Future of shared measurement front coverThe future of shared measurement

July 2014

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The acknowledgment that impact measurement can transform the effectiveness of a charity has led many to embrace it. However, all too often, different charities working to tackle the same problems or achieve the same outcomes are measuring their impact in different ways.

This state of play works against the full potential of impact measurement. Shared measurement—the use of common measurement tools by more than one organisation—reduces the duplication of effort in developing bespoke impact measurement tools, allowing charities to focus their resources more efficiently. By measuring consistently we can compare information between organisations that will help us understand what works and why.

This report reviews developments in shared measurement following the publication of Inspiring Impact’s Blueprint for shared measurement and presents our framework for assessing if a sector is an appropriate candidate for shared measurement. This sets out criteria, including indicators of drivers and barriers to shared measurement.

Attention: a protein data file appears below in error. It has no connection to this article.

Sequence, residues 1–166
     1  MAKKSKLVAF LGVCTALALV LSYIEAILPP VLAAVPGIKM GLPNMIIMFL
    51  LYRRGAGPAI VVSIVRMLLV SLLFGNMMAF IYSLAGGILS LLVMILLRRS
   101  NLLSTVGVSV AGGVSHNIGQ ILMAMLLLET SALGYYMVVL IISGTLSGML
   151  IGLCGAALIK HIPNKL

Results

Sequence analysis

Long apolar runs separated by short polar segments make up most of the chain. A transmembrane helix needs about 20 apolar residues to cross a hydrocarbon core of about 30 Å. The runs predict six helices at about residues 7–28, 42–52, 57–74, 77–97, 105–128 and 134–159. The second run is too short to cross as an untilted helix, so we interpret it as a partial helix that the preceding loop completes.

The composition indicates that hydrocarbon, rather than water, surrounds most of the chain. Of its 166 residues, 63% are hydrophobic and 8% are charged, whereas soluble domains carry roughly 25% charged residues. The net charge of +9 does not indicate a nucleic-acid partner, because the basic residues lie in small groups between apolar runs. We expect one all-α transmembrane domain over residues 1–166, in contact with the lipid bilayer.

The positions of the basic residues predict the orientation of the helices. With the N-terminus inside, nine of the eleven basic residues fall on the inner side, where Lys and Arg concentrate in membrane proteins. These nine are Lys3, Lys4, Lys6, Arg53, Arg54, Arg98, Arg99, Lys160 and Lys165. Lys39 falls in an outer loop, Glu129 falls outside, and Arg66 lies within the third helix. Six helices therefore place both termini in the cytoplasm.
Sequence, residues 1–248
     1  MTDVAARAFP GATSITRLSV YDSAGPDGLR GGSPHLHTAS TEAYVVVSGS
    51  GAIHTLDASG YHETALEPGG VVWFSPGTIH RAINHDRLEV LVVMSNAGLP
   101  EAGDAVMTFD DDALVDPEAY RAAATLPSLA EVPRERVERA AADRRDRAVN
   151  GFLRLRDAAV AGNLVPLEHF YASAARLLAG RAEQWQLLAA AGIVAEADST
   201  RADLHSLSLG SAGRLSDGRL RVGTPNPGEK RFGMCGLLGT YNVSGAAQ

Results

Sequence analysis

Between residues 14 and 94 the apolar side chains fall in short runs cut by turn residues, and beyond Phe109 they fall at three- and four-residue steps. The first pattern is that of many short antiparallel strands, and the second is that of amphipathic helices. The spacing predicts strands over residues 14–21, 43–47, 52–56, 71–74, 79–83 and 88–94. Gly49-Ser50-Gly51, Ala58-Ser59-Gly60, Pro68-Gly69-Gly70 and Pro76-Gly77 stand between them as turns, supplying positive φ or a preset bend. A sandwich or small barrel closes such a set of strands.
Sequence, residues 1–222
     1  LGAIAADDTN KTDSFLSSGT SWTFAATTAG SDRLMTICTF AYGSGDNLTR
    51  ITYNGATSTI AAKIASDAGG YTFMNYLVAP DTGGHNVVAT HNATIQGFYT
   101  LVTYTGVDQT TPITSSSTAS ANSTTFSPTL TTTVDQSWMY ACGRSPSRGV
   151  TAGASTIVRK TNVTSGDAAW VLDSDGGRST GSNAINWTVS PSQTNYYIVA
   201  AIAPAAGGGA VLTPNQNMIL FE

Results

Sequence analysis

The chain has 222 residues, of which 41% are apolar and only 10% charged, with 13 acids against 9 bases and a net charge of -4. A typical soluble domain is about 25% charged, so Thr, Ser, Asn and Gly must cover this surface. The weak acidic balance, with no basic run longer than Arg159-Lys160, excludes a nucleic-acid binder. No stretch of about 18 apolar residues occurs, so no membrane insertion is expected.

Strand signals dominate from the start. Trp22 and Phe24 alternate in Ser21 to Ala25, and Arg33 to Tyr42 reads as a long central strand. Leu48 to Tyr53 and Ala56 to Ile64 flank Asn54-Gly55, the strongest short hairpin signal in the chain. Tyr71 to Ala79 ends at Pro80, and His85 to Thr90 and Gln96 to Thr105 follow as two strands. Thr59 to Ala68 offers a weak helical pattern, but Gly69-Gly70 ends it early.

Download The future of shared measurement

The Journey to Employment framework The Journey to EmploymenT (JET) framework

April 2014

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Tackling youth unemployment is a priority. Over 1 million young people are not in employment, full-time education or training—almost 1 in 7 of all young people in the UK. Transitions to adulthood have become increasingly difficult as a result of the economic outlook and the breakdown of traditional pathways into work.

This framework helps organisations that work with young people to understand and measure the impact they have on the journey to employment. It is designed to help charities think through how their work contributes to young people’s employability, and plan approaches to evaluation.

Based on evidence from the literature and insights from consultation with experts, we have identified seven groups of factors that contribute to successful job outcomes: personal circumstances; emotional capabilities; attitudes to work; employability skills; qualifications, education and training; experience and involvement; and career management skills.

The framework presents a series of indicators and tools covering each of these aspects. The tools have been drawn together from existing sources, and reflect our assessment of robustness, cost, and ease of use.